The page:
MySpace has tapped Andy Marcus to take the reins on its efforts in the entertainment arena.
Formerly svp, business and legal affairs at MySpace, Marcus will move over to svp, entertainment and video. He was already playing an instrumental role in securing partnerships with the likes of American Idol for the site’s new audition platform, which he intends to utilize for other entertainment tie-ins.
“That is a big win for us,” said Marcus of the site’s ability to allow users to submit to Idol video of their audition via MySpace. “Over these two and a half weeks, we’ll show reach to an audience that they wouldn’t be able to get anywhere else.”
Having lost much of the momentum that once made it a rival to Facebook, MySpace has been in retrenchment mode for much of the year as it relaunched its site with more of an emphasis on incorporating entertainment content.
But two of the execs who were key to those efforts alongside Marcus have already left: Jason Hirschhorn, co-president, and Jason Kirk, vice president of video and entertainment.
Using MySpace as a grass-roots casting tool has already been a focal point for the site, which did a similar tie-in with Glee last year. While Marcus will look outside of News Corp. for joint ventures, his 14 years in various roles within the conglomerates allows him to leverage internal relationships.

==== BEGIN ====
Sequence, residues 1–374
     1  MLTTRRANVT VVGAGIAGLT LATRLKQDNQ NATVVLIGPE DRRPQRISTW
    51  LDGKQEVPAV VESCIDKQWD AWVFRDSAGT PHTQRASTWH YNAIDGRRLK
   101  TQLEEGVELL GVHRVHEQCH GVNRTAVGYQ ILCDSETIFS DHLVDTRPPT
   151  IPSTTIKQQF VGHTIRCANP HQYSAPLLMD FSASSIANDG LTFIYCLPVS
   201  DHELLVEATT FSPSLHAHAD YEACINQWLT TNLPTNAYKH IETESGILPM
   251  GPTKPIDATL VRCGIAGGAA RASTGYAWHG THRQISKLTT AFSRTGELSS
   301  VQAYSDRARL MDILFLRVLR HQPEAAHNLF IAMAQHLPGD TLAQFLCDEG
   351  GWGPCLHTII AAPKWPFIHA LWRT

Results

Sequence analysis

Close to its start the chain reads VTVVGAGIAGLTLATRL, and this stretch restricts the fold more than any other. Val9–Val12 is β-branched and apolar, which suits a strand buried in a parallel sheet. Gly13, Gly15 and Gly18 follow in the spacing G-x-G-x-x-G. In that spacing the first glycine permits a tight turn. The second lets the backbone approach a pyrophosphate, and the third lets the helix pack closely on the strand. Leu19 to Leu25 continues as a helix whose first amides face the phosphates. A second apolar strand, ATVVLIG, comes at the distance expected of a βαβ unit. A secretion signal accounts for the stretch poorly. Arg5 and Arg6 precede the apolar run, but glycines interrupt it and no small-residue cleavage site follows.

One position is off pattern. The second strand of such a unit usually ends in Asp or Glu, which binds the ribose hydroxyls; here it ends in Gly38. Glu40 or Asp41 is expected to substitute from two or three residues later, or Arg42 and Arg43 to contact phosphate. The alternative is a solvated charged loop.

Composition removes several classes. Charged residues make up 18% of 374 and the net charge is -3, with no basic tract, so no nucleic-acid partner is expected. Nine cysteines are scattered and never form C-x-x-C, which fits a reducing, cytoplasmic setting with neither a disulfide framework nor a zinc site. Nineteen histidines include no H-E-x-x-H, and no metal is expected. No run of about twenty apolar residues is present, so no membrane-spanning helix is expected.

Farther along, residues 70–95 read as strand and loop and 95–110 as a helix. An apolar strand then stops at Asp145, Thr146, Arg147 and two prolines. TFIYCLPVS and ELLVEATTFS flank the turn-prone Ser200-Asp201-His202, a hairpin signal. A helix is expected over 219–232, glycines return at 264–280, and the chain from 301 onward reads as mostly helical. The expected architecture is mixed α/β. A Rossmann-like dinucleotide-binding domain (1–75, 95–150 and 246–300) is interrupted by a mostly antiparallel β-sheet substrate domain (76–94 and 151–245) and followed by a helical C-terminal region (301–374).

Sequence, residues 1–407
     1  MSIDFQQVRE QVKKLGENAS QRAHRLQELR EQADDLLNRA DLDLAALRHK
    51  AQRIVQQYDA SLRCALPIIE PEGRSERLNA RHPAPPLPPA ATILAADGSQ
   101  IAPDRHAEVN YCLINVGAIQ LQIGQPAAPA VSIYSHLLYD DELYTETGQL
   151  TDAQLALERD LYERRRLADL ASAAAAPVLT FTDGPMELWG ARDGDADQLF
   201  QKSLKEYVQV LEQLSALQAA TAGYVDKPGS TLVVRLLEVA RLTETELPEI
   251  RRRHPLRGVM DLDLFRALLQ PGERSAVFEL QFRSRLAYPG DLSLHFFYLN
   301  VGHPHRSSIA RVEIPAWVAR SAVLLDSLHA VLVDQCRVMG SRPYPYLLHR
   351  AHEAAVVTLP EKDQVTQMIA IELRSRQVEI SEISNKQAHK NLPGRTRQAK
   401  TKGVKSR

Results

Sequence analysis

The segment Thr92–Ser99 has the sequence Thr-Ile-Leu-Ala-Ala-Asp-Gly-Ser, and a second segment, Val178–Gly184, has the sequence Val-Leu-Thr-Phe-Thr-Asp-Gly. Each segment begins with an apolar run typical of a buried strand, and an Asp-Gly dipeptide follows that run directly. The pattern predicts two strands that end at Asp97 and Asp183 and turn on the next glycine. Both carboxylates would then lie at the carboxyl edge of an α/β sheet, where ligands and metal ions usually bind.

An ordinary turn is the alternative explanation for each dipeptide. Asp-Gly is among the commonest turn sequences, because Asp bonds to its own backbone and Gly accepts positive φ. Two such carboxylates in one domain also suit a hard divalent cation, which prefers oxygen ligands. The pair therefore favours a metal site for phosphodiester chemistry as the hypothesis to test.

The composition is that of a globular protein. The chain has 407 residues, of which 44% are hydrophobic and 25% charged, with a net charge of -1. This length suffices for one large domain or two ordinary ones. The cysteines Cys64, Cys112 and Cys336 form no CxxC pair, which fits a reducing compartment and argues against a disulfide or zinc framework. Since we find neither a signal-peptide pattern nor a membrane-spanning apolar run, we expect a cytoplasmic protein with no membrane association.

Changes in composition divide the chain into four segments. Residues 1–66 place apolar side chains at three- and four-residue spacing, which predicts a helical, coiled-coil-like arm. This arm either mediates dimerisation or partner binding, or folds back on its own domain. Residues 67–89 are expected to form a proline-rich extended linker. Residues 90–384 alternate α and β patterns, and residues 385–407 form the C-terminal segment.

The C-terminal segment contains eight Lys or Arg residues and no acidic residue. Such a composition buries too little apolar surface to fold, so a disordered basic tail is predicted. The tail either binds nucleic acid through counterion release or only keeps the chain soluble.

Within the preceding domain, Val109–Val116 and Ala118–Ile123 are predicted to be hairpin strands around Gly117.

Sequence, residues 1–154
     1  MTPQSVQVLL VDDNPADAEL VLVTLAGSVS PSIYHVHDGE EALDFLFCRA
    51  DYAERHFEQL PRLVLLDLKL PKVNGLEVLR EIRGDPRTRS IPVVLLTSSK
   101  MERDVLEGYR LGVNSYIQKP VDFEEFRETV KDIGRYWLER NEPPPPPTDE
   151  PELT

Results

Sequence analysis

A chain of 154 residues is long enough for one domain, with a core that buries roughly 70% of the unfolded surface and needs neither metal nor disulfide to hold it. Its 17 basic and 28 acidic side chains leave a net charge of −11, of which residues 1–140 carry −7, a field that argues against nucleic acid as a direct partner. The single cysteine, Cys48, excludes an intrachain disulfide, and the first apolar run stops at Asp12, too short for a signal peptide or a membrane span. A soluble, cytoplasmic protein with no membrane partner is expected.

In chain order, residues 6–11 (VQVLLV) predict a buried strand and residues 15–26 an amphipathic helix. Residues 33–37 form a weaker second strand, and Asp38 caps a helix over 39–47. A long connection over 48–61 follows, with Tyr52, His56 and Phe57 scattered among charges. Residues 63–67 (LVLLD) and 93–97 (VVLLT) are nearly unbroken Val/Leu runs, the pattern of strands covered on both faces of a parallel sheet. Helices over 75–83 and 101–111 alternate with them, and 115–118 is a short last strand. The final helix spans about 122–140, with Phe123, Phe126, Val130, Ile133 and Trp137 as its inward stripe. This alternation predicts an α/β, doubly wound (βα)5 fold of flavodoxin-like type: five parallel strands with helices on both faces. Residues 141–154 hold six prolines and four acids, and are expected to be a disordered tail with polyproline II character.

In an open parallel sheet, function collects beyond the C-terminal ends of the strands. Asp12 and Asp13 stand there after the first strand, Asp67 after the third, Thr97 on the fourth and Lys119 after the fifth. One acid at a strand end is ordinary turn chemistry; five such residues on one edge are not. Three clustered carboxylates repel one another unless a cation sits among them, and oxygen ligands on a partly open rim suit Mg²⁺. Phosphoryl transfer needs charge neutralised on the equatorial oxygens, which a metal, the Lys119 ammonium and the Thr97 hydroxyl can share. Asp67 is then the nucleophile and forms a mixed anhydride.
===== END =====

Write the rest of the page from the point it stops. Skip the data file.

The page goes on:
“What I’ve found is by virtue of my longevity here, I can move things along more quickly because I know who to talk to get things done,” he said.
Marcus will report to David Donegan, svp, marketing; he will also play a role in MySpace promotional efforts as they relate to Hollywood. He points to a product integration in place with the syndicated version of Don’t Forget the Lyrics from Twentieth Television in which the brand shows up on air as the series’ karaoke engine. It also has a casting component online for the show.
Marcus is currently working with third-party studios to build a slate of original short-form programming for MySpace, which has been a pioneer in serialized online Webisodes like Quarterlife. Now there will be more of an emphasis on matching the creative to youth-subculture trends emerging from the site’s users and layering the video with user-generated interactivity.